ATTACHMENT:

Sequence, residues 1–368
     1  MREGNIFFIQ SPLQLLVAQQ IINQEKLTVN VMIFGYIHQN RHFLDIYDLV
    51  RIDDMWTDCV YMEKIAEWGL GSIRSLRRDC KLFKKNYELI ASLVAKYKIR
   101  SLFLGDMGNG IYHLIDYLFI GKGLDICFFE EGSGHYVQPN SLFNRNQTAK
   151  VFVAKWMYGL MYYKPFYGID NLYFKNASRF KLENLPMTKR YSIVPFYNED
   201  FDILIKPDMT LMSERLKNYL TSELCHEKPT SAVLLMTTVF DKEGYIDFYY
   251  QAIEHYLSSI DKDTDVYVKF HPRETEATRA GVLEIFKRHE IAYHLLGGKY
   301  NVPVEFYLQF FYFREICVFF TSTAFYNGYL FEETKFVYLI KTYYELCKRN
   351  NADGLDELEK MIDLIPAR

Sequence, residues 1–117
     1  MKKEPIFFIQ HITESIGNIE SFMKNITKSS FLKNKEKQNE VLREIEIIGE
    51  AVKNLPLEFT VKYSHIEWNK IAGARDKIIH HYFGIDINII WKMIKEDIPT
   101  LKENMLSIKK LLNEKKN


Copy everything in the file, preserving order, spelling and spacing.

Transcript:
Sequence, residues 1–368
     1  MREGNIFFIQ SPLQLLVAQQ IINQEKLTVN VMIFGYIHQN RHFLDIYDLV
    51  RIDDMWTDCV YMEKIAEWGL GSIRSLRRDC KLFKKNYELI ASLVAKYKIR
   101  SLFLGDMGNG IYHLIDYLFI GKGLDICFFE EGSGHYVQPN SLFNRNQTAK
   151  VFVAKWMYGL MYYKPFYGID NLYFKNASRF KLENLPMTKR YSIVPFYNED
   201  FDILIKPDMT LMSERLKNYL TSELCHEKPT SAVLLMTTVF DKEGYIDFYY
   251  QAIEHYLSSI DKDTDVYVKF HPRETEATRA GVLEIFKRHE IAYHLLGGKY
   301  NVPVEFYLQF FYFREICVFF TSTAFYNGYL FEETKFVYLI KTYYELCKRN
   351  NADGLDELEK MIDLIPAR

Sequence, residues 1–117
     1  MKKEPIFFIQ HITESIGNIE SFMKNITKSS FLKNKEKQNE VLREIEIIGE
    51  AVKNLPLEFT VKYSHIEWNK IAGARDKIIH HYFGIDINII WKMIKEDIPT
   101  LKENMLSIKK LLNEKKN